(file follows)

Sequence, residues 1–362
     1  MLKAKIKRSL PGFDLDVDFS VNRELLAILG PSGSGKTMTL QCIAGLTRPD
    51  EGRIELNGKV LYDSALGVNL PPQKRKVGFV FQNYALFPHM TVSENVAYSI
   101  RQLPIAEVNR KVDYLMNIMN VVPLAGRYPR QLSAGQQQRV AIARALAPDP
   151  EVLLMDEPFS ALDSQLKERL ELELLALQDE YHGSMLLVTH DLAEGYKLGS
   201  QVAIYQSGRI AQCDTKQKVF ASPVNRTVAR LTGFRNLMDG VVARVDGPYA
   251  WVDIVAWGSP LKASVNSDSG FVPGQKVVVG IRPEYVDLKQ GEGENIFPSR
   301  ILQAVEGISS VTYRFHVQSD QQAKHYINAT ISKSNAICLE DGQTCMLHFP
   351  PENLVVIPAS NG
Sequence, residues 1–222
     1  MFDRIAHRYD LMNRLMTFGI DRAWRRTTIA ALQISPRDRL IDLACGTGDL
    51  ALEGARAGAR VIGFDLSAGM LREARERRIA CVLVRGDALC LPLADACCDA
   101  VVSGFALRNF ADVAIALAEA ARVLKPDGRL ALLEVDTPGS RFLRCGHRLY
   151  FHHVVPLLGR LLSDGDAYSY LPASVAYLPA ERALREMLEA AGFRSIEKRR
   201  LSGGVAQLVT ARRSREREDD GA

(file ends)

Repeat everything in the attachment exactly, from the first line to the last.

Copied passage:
Sequence, residues 1–362
     1  MLKAKIKRSL PGFDLDVDFS VNRELLAILG PSGSGKTMTL QCIAGLTRPD
    51  EGRIELNGKV LYDSALGVNL PPQKRKVGFV FQNYALFPHM TVSENVAYSI
   101  RQLPIAEVNR KVDYLMNIMN VVPLAGRYPR QLSAGQQQRV AIARALAPDP
   151  EVLLMDEPFS ALDSQLKERL ELELLALQDE YHGSMLLVTH DLAEGYKLGS
   201  QVAIYQSGRI AQCDTKQKVF ASPVNRTVAR LTGFRNLMDG VVARVDGPYA
   251  WVDIVAWGSP LKASVNSDSG FVPGQKVVVG IRPEYVDLKQ GEGENIFPSR
   301  ILQAVEGISS VTYRFHVQSD QQAKHYINAT ISKSNAICLE DGQTCMLHFP
   351  PENLVVIPAS NG
Sequence, residues 1–222
     1  MFDRIAHRYD LMNRLMTFGI DRAWRRTTIA ALQISPRDRL IDLACGTGDL
    51  ALEGARAGAR VIGFDLSAGM LREARERRIA CVLVRGDALC LPLADACCDA
   101  VVSGFALRNF ADVAIALAEA ARVLKPDGRL ALLEVDTPGS RFLRCGHRLY
   151  FHHVVPLLGR LLSDGDAYSY LPASVAYLPA ERALREMLEA AGFRSIEKRR
   201  LSGGVAQLVT ARRSREREDD GA